No degree programs are intended specifically for individuals who wish to become EDI coordinators; however, EDI courses are typically available through certificate, bachelor's, and master's degree programs in information technology, marketing, sales, and e-commerce. Through these courses, students learn the value of EDI systems and the processes used to design, install, and maintain them. They are also able to keep up with new technologies that shape e-commerce.
Some common concepts covered in EDI courses include:
- Computer networking
- IT database management
- Digital and web marketing
- Web development
- Web infrastructure
Find schools that offer these popular programs
- Computer Graphics
- Database Administration and Data Warehousing
- Web Page and Digital Design
List of Courses
Beginning Information Technology
Through this introductory course in information technology, students develop ways to manage and track data and set up and manage Internet infrastructures. In lecture portions of the class students examine the ways in which computer networks communicate and how they can be used in e-business, as well as the history of information technology and its projected future.
Internet Marketing and Sales
This introductory course familiarizes students with payment methods, marketing strategies, and product development. Whether individuals are selling wholesale or retail, EDI (Electronic Data Interchange) systems allow for secure payment, reducing the risk of identity theft and fraud.
Internet Law and E-Business
Since EDI coordinators work primarily with Internet-based businesses, understanding laws and regulations governing e-business activity is important. Through this course, students examine how e-business is changing by analyzing contemporary trends in the marketplace, as well as laws governing product regulations and security measures that e-businesses must meet. This type of course also touches on ways to increase business through trend analysis.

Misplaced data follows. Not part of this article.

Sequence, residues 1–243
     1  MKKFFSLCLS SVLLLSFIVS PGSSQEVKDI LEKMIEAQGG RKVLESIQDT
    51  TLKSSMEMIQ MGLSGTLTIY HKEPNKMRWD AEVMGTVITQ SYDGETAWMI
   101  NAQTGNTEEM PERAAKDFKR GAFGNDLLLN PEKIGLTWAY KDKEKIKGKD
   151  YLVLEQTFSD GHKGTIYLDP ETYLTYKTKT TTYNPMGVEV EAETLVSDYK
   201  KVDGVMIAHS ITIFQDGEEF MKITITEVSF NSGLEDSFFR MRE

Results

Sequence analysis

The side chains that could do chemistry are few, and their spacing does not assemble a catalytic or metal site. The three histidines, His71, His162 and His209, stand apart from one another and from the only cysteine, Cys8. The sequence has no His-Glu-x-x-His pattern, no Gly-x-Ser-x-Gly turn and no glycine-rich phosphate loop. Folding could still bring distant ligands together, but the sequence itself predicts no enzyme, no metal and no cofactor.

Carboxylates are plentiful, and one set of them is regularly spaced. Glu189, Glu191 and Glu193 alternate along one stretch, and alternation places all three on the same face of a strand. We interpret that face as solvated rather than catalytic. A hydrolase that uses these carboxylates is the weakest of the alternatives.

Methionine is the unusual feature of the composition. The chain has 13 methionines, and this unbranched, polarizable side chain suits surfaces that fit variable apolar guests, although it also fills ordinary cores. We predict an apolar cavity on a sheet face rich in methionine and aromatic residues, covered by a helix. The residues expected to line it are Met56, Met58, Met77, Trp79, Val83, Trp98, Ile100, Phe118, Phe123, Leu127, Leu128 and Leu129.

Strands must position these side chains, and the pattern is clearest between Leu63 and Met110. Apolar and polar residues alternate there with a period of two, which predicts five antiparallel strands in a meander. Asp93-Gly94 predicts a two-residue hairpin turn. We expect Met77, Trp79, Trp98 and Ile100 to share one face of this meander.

Advantages of EDI for the Marketplace
Using an EDI system creates advantages for online retailers, as well as for traditional brick-and-mortar stores. Students learn about these advantages, as well as explore current and future developments to them. Future EDI coordinators learn to track what customers are purchasing and what led them to make the purchase in the first place in order to market products more effectively.
Students taking this advanced course learn how to design, install, and manage EDI systems. The course includes advanced information about running and designing a web page and ways to manage product distribution. Students use the Internet to track, order, sell, and pay for products in this course. They also troubleshoot for problems and explore the set-up and management of EDI systems. This course also examines advanced security issues that an EDI coordinator would be responsible for repairing.